Structural styles and sedimentation at the southern termination of the Hikurangi subduction zone, offshore North Canterbury, New Zealand (1993)
AuthorsBarnes, Philip M.show all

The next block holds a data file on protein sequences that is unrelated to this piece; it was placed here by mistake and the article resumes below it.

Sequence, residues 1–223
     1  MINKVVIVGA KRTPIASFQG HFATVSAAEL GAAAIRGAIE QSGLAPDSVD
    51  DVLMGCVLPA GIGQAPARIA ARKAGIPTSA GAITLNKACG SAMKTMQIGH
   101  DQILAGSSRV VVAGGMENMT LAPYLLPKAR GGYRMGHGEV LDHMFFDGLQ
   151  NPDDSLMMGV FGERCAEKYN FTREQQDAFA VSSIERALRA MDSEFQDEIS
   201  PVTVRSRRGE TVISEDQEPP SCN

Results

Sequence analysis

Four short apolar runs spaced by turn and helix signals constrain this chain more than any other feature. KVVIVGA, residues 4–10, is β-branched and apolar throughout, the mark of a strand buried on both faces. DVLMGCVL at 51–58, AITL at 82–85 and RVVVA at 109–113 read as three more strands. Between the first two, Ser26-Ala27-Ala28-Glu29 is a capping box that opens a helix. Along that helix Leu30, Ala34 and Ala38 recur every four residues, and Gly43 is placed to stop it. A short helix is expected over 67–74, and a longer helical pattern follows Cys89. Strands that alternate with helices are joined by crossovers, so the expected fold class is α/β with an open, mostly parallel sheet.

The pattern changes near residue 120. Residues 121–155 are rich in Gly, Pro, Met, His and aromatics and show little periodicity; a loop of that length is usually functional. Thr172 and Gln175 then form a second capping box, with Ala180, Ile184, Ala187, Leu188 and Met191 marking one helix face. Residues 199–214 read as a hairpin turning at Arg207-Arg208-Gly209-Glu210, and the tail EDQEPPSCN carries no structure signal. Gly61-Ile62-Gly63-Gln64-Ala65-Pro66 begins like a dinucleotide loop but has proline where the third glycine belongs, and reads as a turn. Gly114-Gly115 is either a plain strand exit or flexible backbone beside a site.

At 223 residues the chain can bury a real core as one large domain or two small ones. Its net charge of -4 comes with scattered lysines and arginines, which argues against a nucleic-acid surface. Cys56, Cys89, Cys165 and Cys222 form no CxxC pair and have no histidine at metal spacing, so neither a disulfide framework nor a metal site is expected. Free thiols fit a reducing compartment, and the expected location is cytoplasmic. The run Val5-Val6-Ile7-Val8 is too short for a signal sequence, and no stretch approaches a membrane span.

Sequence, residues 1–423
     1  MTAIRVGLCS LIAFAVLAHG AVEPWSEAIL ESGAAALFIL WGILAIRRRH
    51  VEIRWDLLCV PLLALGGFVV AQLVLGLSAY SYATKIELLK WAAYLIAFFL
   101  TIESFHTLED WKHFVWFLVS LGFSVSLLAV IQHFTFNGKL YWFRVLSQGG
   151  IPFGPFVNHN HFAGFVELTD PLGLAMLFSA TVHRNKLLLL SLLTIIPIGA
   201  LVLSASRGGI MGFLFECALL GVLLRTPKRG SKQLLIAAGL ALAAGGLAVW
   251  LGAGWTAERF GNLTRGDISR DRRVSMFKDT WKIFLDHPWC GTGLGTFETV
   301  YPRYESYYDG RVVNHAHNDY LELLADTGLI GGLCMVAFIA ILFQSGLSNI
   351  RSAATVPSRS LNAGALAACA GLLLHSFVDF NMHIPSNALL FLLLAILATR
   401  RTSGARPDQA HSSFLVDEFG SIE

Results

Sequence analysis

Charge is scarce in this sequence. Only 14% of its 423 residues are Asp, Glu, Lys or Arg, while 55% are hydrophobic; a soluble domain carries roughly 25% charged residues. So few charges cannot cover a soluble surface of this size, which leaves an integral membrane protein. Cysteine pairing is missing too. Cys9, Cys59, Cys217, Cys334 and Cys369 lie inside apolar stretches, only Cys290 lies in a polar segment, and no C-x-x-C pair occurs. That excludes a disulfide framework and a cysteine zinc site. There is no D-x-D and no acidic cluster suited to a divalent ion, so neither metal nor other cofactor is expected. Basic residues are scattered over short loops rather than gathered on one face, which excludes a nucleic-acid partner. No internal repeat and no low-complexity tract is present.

In the northern region of South Island, New Zealand, a major tectonic transition occurs in the obliquely convergent Australia-Pacific plate boundary. The southern end of the Hikurangi subduction zone terminates against the Chatham Rise, a submerged continental plateau on the Pacific Plate, which is too buoyant to be subducted. Relative plate motion that is accommodated along the Hikurangi margin is transferred by a complex arrangement of faults, to a zone of transpressive, continental collision across the Southern Alps. A detailed study of offshore seismic-reflection profiles, sediment cores and bathymetry from the north Canterbury continental margin and north-western Chatham Rise reveals the complex interactions between late Cenozoic sedimentation and tectonics at the southern termination of the Hikurangi subduction zone. The north Canterbury shelf and the NW Chatham Rise slope are separated by major submarine canyons that link the shelf with the 3000 m-deep Hikurangi Trough. The sedimentary succession beneath the shelf and slope attains a maximum thickness of about 2 km and is inferred to be underlain by Torlesse terrane basement of Mesozoic age. The late Cenozoic stratigraphy of both regions has been established by correlating unconformity-bounded sedimentary units between seismic-reflection profiles, sampling the units in cores from exposures at the seabed, and dating the sediments by foraminifera and nannoflora biostratigraphy. Tectonic structures have been mapped from seismic profiles and the stratigraphy has been used to constrain the structural and sedimentary evolution of each area. The north Canterbury shelf and the NW Chatham slope exhibit contrasting tectonic and sedimentation styles, which reflect differences in proximity to sediment sources, bathymetry, physical oceanography, sedimentation response to global climate cycles and relative sea-level changes, and different stresses imposed on the basement rocks within the plate-boundary zone. Late Quaternary sedimentation patterns on the NW Chatham slope and in the southern Hikurangi Trough have been studied using 3.5 kHz echo-character mapping. The slope is dominated by current-controlled sedimentary processes, whereas turbidite processes characterise the adjacent part of the southern Hikurangi Trough. On the slope north of Mernoo Saddle (a 580 m-deep depression between the South Island shelf and the Chatham Rise) a 160 x 30 km zone of current erosion occurs between 700 m and 2300 m water depths. Within this region are several northeast trending channels, 5-20 km wide and up to 105 km long, scoured obliquely down-slope. These scours are inferred to have been formed by a northward flowing current of Antarctic Intermediate Water passing through the Mernoo Saddle, then braiding as it cascaded down and across the mid-slope before merging again further east into a contour current on the unstable lower slope of the northern Chatham Rise. The lower slope between and below the scours comprises a complex of coalescing sediment drifts. The adjacent Hikurangi Trough is characterised by a canyon and levee-channel system that guide turbidites from the eastern South Island margin and Cook Strait. On the trough floor is a meandering axial channel up to 10 km wide, with a left-bank dominated levee off Cook Strait where the trough widens. Within the down-slope thickening, late Cenozoic succession on the NW Chatham slope there is a stratigraphic change in acoustic impedance that is inferred to mark a change from predominantly carbonate to terrigenous sedimentation in the Late Miocene (c. 9-10 Ma). This change might reflect an increase in uplift and erosion of the Southern Alps at this time. Analysis of 13 unconformity-bounded seismic units of Pliocene-Recent age indicates an episodic history of mid-bathyal (c. 700-2300 m) current erosion and deposition on the NW Chatham slope. Erosion began in the mid-Pliocene and was most widespread in the Late Pleistocene, when several regional scale erosion surfaces developed. The regional extent of the older surfaces differ from the pattern of oblique-to-slope, en echelon, scour channels and associated sediment drifts which are related only to the five youngest depositional units(< 0.25 Ma). All erosional or non-depositional unconformities between the 13 Plio-Pleistocene seismic units resulted from major velocity changes in the northward, mid-bathyal flow over the Mernoo Saddle. Therefore, the sedimentary units and their intervening unconformities have a different origin to sea-level-controlled sequences in the Vail/Exxon stratigraphic model. The eight youngest seismic units are Late Pleistocene and have a cyclicity of about 57-75 ka, which is similar to high-order (40 and 100 ka) glacio-eustatic sea-level cycles. The older units, deposited between Early Pliocene and Late Pleistocene, have a longer frequency of about 750 ka. The similarity of the Late Pleistocene sequence cyclicity to that of high-order glacio-eustatic cycles, together with consideration of the physical oceanography, a recent phase of reduced erosion during the Holocene, and the inferred subsidence history of the region collectively suggest that the paleoceanographic fluctuations causing the sequences are related to high-amplitude Plio-Pleistocene glacial-interglacial climatic oscillations superimposed on the late Cenozoic subsidence of Mernoo Saddle. The north Canterbury inner-middle shelf is underlain by twelve unconformity bounded seismic units of Late Pliocene-Early Pleistocene to Recent age. The units consist predominantly of terrigenous silty mud and thin layers of gravel, which are inferred to have been deposited in c. < 70-80 m water depth predominantly during transgressions and relative highstands of high amplitude, glacio-eustatic sea-level cycles. Erosional unconformities of middle Pleistocene to Recent age have been progressively tilted seaward as a result of contemporaneous coastal uplift and outer shelf subsidence. The north-western corner of the Chatham Rise has been extending by normal faulting since the Late Miocene (c. 8-6 Ma). The North Mernoo Fault Zone (NMFZ) is a 100 x 300 km extensional province that evolved contemporaneously with offshore sedimentation and with the plate-boundary zone in northern South Island. Growth faults are characteristic, but the distribution of faulting has varied temporally; The fault zone is seismically active and consists of a domino-style array of overlapping, southward dipping normal faults which are typically 2-5 km apart and trend roughly east-west at a high angle to the plate-boundary zone. Late Quaternary surface traces are widely distributed on the mid-upper continental slope but many surface scarps are poorly preserved due to extensive erosion of the seafloor. Despite the wide distribution of faulting, late Cenozoic extensional strain is < 2%. The geometry of the NMFZ is partially inherited from older basement structures. Many of the late Cenozoic faults are reactivated Late Cretaceous and Eocene normal faults which developed during periods of widespread extension of the New Zealand region, in tectonic settings different from now. Two possible models for extension of the edge of continental Pacific Plate are considered: (1) lateral buckling of the upper continental crust across the southern termination of the Hikurangi subduction zone; and (2) flexure of the NW Chatham Rise as the region is bent downward into the southern end of the Hikurangi subduction zone. The extensional NMFZ is one of three offshore fault systems that almost merge together over the southern end of the Hikurangi subduction zone. The western end of the NMFZ crosses submarine canyons at the southern end of the Hikurangi Trough and extends to within 20 km of two opposite-verging, NE-trending fold and thrust fault systems on the north-eastern South Island continental margin. One fold and thrust system verges eastward and represents the southern part of the Hikurangi margin imbricated frontal wedge that is deforming the Marlborough continental slope above the southern part of the Hikurangi subduction zone. The other fold and thrust fault system verges north-westward and is deforming the north Canterbury shelf to the west of the NMFZ. In addition to tilting of the north Canterbury shelf, the inner edges of the Plio-Pleistocene units have been progressively deformed since the middle Pleistocene. Gentle, asymmetric folds up to 35 km long are inferred to be developing above the propagating tips of SE-dipping thrust faults. Some structural elements of the fold and thrust system may be reactivated Late Cretaceous extensional faults. The fold and thrust region extends 20 km offshore between central Pegasus Bay and Kaikoura. The north-eastern end of the zone extends to within 20 km of the extensional NMFZ, but these two fault systems are not linked kinematically, Two possible tectonic models for the north Canterbury coastal region are considered. The preferred model involves NW-SE oriented, upper-crustal shortening of much of the north Canterbury region, which is required to accommodate a component of the relative plate motion in northern South Island. A comparison with other obliquely convergent plate boundaries and with other tectonic settings where continental extensional faulting is occurring today, suggests that the style of tectonic interactions at the southern termination of the Hikurangi subduction zone is rare in the world.